Chris: First and foremost, remember that you are not alone. There are resources to help you and people you can talk to. Don’t keep all your feelings bottled up. Please talk to someone. Secondly, see a healthcare provider and make sure you find one that you trust. Your relationship with your provider is crucial to the journey forward. Lastly, go get some ice cream and take a day to think—never stop enjoying life. You’ve got a long one ahead—make time for the fun stuff.
Establishing an organization is not an easy task. What motivated you?
Scott: The motivation came after I saw the way Chris and I worked together, what we were able to produce so quickly, and the influx of support and positive feedback we received. That’s when I knew that together we had an opportunity to make a difference. As the organization grows, so does my motivation.
Chris: It came after the internal stigma I felt in that first year after my diagnosis. It made me sad to know that a community so affected by HIV in the eighties and nineties could be so out of touch with the epidemic. I was more motivated by talking about HIV to my friends and subsequently they were better informed, much like the idea behind Harvey Milk’s advice, I’m paraphrasing: “Come out, come out, wherever you are. By knowing us, people make a personal connection and they learn more, and are more likely to care.”
Scott: As a sexually active gay male, it’s my responsibility to care. I take PrEP [pre-exposure prophylaxis, a prevention method] every day. Also I have some close friends who are HIV-positive and I’ve met so many amazing and inspiring new people through this organization. This community has welcomed me with open arms and it’s a part of who I am now. I don’t go a day without saying those three letters [H-I-V] a dozen times.
What can a concerned citizen do to help with The Stigma Project?
Scott: Earlier this spring we became non-profit. After two years without a budget, we finally can receive tax-deductible donations. We need funds to get our ads on billboards and on television. One can contribute on our Web sites: www.thestigmaproject.org or www.tsplibrary.com. Another way, which is equally important, is to spread the word through social media. Encourage people to “Like us” on Facebook, even if they’re negative—especially if they’re negative. We have a long way to go but we’ll get there!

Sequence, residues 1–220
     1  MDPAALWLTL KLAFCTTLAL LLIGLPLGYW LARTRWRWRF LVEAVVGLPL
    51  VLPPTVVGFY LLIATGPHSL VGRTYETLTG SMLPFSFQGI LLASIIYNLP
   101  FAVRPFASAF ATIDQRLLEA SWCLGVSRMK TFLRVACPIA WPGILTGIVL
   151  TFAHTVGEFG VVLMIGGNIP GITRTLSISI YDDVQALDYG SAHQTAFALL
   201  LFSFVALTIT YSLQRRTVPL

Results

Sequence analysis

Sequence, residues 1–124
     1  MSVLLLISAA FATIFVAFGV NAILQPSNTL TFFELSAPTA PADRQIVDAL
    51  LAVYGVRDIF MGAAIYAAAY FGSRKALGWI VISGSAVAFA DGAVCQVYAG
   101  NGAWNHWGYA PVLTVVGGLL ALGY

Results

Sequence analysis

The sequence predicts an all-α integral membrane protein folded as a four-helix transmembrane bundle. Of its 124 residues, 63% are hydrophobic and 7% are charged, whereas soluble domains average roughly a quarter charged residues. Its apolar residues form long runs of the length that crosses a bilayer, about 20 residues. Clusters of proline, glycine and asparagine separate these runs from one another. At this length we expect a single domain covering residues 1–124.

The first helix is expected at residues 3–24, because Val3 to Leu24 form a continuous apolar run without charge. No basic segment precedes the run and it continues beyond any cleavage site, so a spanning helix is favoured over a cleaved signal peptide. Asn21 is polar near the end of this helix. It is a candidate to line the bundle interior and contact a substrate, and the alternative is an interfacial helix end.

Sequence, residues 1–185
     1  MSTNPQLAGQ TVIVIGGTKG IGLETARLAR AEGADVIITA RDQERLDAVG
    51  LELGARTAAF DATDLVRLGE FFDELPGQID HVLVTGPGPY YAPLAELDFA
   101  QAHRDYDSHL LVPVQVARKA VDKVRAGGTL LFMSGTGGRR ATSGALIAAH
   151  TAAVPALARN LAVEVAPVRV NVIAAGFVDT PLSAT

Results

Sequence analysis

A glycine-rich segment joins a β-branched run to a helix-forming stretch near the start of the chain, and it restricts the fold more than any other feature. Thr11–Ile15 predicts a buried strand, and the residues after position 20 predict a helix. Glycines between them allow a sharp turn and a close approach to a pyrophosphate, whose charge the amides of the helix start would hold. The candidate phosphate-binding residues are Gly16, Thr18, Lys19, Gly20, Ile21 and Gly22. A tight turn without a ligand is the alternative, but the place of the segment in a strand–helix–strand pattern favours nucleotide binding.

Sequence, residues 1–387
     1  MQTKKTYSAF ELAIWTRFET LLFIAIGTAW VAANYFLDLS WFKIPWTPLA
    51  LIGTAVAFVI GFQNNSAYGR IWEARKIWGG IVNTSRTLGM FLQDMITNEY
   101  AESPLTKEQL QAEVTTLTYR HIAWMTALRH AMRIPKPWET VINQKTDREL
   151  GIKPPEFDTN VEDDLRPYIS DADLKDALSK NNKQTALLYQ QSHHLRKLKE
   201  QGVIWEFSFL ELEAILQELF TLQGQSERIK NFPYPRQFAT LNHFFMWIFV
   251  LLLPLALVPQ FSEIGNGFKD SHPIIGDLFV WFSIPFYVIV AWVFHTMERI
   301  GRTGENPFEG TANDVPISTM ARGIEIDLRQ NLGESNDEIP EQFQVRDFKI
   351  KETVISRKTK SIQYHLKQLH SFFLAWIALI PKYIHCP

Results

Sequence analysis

What would you say is the the number-one cause of HIV stigma?
Chris: There really is no one cause but you could sum it up with the word, Perception. The perceptions people have of themselves and others, changes the way they interact, socialize, communicate and ultimately, the way they view the world. This is very true with people who are HIV positive who often, due to perceptions and public opinion, are victims of rejection and denial. They are discredited, disregarded, undervalued, and are put at a distance socially, which more often than not leads to their isolation.
Scott: I don’t think there is a single cause either. It’s the result of a lot of things that have come together over the last thirty-two years. If I had to pick something that I think has had the biggest influence on HIV stigma, it’s the lack of education and understanding among HIV-negative people, and their lack of caring to become more educated and informed, or, as Chris said, perception.
How do you see HIV today as opposed, say, to five years ago?
Scott: We’ve come a long way even in two years. But in the past five years we’ve been able to successfully turn HIV into a manageable disease. The downside is that everyone who wasn’t directly affected by it forgot about it. The evening news stopped talking about it because fewer people are dying. There was this false assumption that HIV was a thing of the past—and that obviously has played a role in the steady increase in infection rates.
Chris: Personally, five years ago I thought I knew all there was to know about HIV. I had positive friends and I was pretty up-to-date on the latest information. That said, I was still terrified about getting infected. I wouldn’t sleep with someone who was positive. I asked people questions like “Are you clean?” I also felt that regardless of what I knew about HIV, if I were to get it, my life would be over. Today, I’m a lot more knowledgeable and [he pauses]…my life is definitely not over.
Any other comments, you guys?
Scott: I just want to say thank you for all of the wonderful and encouraging e-mails and messages we get daily from people telling us their story and how much our work has impacted their lives. We may not respond to every single message, but we definitely read each and every one. If it weren’t for that kind of support and belief in our organization, who knows where we’d be right now. So that’s all. Now let’s get to work.
Chris: What he said….
For more information about The Stigma Project, log on to: www.thestigmaproject.org.
Dann Dulin is Senior Editor of A&U.